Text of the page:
By Ange Ngu Thomas
His family was initially not supportive when he first told them he wanted to sing for a living but Asamor (born Asamor Morfaw) persisted and today is a fully fledged musician. He dabbled in traditional music while in his native Cameroon but started playing world music only after he re-located to Bonn, Germany. He travelled to Germany to pursue his studies and it did not take him long to start a career in music that he now says puts food on the table.
“Though my childhood dream was to become a singer, I had first of all to overcome two hurdles; firstly from the region where I come from, music is still considered as an irresponsible profession and secondly, I hail from a royal family with a straitlaced code of ethic and they think a royal descendant doing music is a taboo” Asamor told Iroko heritage.
His family eventually noticed he was serious about becoming a musician and through their help, he started playing traditional music in Cameroon.
He later travelled to Germany where he released his first album in 2002, titled Full Force. That was closely followed by a chart-topping duet with one of Africa’s most popular singer Petit Pays titled Etiorndem.
“To use this metaphor, when you have many children, it is difficult to say I love this child more than the other one, so I cannot exactly pinpoint which of my songs has been the best. But as per the public who consume the products we put in the market, I understand that particular track went down well with the public”
Asamor believes piracy is the biggest problem almost every musician faces in Africa.
“In Africa, pirates are millionaires while artistes who work day and night to come up with good music barely survive from their songs.”
He wants government authorities across Africa to allocate more resources to fighting against piracy. This is the only way Asamor says African music can grow and become a respectable brand around the world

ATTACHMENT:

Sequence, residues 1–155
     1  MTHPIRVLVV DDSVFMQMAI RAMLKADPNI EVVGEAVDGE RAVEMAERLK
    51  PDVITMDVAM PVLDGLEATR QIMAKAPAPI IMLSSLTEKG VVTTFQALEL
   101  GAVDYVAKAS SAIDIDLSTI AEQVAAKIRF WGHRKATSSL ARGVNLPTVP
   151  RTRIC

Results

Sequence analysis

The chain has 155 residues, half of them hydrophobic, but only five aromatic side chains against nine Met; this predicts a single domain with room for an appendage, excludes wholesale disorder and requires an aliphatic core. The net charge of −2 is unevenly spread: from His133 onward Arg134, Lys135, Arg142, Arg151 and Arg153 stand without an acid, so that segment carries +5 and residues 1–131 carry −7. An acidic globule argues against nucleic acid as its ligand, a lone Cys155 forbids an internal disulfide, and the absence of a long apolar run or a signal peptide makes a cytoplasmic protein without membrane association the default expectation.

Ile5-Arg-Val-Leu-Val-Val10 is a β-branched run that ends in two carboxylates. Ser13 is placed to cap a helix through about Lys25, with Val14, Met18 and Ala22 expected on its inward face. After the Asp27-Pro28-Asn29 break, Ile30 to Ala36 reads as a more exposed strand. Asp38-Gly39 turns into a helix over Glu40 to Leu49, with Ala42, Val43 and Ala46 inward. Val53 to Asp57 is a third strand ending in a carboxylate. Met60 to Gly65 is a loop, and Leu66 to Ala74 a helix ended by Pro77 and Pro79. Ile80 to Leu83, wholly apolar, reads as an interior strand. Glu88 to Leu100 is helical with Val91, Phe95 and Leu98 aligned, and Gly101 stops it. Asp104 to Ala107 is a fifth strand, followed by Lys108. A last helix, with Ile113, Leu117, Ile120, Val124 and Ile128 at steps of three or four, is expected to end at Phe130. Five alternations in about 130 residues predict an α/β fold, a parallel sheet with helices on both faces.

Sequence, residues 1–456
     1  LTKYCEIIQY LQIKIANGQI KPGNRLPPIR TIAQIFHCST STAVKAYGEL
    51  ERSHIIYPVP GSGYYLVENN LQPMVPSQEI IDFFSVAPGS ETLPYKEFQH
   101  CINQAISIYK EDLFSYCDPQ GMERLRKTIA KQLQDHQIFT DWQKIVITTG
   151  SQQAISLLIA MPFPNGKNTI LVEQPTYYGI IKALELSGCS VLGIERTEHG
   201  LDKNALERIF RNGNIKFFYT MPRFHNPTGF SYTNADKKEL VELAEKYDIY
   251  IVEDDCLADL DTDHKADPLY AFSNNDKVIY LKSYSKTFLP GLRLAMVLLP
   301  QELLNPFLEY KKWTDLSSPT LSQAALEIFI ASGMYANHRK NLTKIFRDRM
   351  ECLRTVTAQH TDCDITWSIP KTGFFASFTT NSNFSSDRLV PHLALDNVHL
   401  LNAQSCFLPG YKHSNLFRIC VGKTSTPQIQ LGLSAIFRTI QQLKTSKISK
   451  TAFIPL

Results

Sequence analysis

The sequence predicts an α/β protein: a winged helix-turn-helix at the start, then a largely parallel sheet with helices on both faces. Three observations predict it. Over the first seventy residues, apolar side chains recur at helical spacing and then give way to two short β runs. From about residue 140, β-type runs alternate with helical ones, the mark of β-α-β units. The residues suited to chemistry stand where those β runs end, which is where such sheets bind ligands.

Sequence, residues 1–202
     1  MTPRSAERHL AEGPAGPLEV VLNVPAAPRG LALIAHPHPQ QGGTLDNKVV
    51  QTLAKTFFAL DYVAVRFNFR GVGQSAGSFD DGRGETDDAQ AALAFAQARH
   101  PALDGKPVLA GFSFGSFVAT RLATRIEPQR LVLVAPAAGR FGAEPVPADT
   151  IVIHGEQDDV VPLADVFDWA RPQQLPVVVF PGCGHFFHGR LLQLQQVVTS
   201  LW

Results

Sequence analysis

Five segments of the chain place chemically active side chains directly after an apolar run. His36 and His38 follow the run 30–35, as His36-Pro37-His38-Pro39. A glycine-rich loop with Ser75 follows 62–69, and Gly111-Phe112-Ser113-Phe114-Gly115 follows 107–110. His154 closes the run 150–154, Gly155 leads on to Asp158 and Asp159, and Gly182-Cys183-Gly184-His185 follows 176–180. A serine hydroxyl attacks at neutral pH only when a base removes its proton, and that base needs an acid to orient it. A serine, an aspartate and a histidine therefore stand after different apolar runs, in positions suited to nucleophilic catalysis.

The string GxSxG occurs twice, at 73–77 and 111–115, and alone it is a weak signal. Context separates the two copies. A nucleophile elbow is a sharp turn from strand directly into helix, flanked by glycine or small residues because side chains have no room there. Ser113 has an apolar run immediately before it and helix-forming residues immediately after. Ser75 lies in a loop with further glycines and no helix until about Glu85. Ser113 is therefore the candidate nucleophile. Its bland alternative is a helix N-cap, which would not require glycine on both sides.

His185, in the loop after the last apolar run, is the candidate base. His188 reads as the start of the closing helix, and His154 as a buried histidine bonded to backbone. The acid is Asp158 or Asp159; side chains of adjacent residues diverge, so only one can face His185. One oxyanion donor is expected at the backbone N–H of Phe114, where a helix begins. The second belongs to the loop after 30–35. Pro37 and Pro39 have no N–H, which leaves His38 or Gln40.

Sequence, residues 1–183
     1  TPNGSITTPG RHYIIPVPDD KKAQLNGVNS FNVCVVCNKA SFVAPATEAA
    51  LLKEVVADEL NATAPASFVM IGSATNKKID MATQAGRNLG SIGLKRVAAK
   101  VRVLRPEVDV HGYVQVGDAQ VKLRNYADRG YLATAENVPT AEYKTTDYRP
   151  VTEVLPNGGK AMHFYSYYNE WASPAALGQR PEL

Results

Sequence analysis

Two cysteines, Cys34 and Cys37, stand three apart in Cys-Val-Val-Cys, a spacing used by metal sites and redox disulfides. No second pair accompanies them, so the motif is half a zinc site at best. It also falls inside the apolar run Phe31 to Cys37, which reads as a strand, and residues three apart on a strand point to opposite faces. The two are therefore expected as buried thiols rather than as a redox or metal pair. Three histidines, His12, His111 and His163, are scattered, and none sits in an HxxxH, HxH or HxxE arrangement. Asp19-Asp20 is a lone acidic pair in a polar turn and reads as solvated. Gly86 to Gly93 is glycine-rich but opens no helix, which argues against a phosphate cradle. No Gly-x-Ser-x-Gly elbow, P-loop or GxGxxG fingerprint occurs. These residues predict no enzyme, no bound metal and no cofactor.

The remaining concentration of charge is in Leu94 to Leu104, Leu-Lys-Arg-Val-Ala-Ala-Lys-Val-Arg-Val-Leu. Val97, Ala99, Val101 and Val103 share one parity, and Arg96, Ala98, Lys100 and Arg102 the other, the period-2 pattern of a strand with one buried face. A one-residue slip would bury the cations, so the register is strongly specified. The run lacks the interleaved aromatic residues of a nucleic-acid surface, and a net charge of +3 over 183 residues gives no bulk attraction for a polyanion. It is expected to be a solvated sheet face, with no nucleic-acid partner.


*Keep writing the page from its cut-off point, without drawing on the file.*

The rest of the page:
In spite of the obvious problems piracy causes to musicians,, Asamor is thankful to the internet which he admits has been helping in making African singers get a global audience
“The internet has done a lot for African music. It has made it possible for us to get into the global market and rub shoulders with other singers across the world through self promotion, thanks to social media such as YouTube and Face book. Otherwise it would have been impossible to hit the international market.”
Asamor who owns a recording studio known as PRAXON in Bonn, Germany has been extending a helping hand to young artistes from Africa.
“I have been writing, recording and mixing songs for young African talents who would like to try their hand in Music. Nobody asked me to do, it is merely out of courtesy and a goodwill gesture to fellow colleagues. ”
Asamor created a web-based radio called African Music Radio where music lovers around the world could listen to African music.
Asamor is a laureate of KAMA- a German-based Kultural Ambassador Media Award’ of 2008.
He is also an actor and has appeared in two African movies DarkZone and Bushfallers.